For fans of the Far Cry series, the agonising 10-month wait is finally over, with Far Cry 5 arriving in Australia just in time for the Easter long weekend. The newest instalment in the franchise has had hype building around it for months, with the new storyline based in an American setting for the first time… drawing much intrigue from gamers.
This time around the series delves into the open world of ‘Hope County’, a fictitious area of Montana which has been overrun by a doomsday cult known as ‘Eden’s Gate’. The cultists are led by the deranged and dysfunctional ‘Seed Family’, headed by the dictatorship of Joseph Seed who is known by his followers as ‘The Father’.
Players will take on the role of a ‘Deputy Sheriff’ who is sent to obtain and arrest Joseph Seed, whilst attempting to liberate the locals of Hope County along the way. As the game progresses some of these liberated locals become ‘guns for hire’, whose special skills can be very handy when attempting to fight off wild animals, cult militia, or slowly destroy Eden’s Gate from the inside out.
From the opening moments it is noticeable that the graphics for Far Cry 5 are exceptional, with the cutaway scenes and storyline clips engaging players from the outset and throughout. The gorgeous scenery and countryside is an immediate drawcard as players explore the open world, replacing the forests and tropical islands that have characterised the franchise so far.
The gameplay is amazingly smooth, with no obvious downsides or complaints to be made about the way the game flows. Impressively the developers, Ubisoft, haven’t been afraid to adjust aspects of previous instalments of the series that were well overdue for a revamp.
Driving is much easier, with controls heading down a similar vibe to Grand Theft Auto, taking out the awkward single-joystick configuration from earlier Far Cry editions. Aeroplanes and helicopters are a welcome addition, allowing improved mobility around the gigantic map, whilst the subtraction of ‘Bell-Towers’ allows players to follow the storyline more organically.
Interestingly the game was originally announced in May 2017… just months after America had elected President Donald Trump, leading to some controversy and suggestions that the game was possibly in response to the new government.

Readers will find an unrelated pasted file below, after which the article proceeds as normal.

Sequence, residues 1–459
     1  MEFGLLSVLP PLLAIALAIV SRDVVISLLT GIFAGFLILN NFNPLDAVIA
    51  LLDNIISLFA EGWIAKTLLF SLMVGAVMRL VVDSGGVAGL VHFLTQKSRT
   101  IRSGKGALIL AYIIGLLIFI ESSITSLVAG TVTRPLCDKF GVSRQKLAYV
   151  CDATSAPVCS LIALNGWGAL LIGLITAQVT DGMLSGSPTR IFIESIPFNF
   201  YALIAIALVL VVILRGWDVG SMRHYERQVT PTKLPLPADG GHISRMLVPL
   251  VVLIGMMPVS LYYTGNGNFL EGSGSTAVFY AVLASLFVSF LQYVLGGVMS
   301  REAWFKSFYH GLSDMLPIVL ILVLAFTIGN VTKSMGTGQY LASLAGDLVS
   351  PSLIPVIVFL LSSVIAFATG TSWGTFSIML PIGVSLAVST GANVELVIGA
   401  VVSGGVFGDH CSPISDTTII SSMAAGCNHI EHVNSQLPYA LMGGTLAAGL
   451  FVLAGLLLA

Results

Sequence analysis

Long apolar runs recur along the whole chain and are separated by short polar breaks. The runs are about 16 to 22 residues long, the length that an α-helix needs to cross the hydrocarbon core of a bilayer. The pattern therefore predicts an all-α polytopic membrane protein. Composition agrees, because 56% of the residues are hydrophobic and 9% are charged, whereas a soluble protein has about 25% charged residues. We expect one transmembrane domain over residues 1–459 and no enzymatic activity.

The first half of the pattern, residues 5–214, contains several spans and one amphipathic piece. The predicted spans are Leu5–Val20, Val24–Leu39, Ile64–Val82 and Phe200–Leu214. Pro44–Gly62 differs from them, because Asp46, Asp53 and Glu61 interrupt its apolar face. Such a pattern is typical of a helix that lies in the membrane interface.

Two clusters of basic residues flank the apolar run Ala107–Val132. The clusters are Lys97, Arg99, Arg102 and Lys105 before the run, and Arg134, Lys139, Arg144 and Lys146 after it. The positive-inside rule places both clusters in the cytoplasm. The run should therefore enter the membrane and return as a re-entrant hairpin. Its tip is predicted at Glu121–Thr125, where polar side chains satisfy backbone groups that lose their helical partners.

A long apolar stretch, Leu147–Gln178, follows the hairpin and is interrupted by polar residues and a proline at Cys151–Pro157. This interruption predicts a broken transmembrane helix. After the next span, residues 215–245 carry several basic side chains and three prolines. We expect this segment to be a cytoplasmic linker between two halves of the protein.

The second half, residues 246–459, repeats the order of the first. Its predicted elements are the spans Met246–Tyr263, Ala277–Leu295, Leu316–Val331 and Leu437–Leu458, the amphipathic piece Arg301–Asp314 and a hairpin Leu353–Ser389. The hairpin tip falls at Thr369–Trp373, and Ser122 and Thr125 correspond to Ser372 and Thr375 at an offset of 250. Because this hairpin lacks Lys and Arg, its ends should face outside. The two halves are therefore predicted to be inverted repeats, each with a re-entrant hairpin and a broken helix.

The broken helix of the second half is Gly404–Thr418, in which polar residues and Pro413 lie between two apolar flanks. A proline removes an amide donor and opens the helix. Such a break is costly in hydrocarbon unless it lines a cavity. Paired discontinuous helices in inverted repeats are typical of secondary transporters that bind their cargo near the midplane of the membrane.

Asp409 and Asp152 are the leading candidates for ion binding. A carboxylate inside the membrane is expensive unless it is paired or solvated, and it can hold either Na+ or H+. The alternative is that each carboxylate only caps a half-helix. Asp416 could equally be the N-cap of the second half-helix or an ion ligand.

In an article for GQ in the midst of controversy in late May 2017, journalist Joshua Rivera noted the controversy surrounding the game more likely had stemmed from the fact that, “Far Cry 5 has defined its villains, and they’re a doomsday cult that bears a striking resemblance to Christian extremists, fueled by the sort of hyper-conservative gun-toting militias that are in fact very real—and usually very white.”. With this said, Rivera also contended that “It takes about four years for a video game of this size to be made, which means that it cannot have been conceived as a response to the Trump presidency”.
Although developed years earlier, the game has managed to still stay eerily relevant to todays political climate. From the outside looking in, it appears to tackle extreme sections of religions and stereotypical ‘pro-gun’ values that can be found in certain areas of America… though developers have said the game is not based on any real life group.
The political references give gamers food for thought as they navigate through the game, allowing a more immersive experience that challenges a player’s ideals, adding a further layer to what has been a typically chaos driven gaming series.
All in all, Far Cry 5 is a must-experience for gamers in 2018. The series feels rejuvenated, mostly thanks to the brave developmental decisions that have crafted a game that goes so much deeper than its predecessors. For those that are new to the series, jump in, the experiences that await in ‘Hope County’ will not disappoint.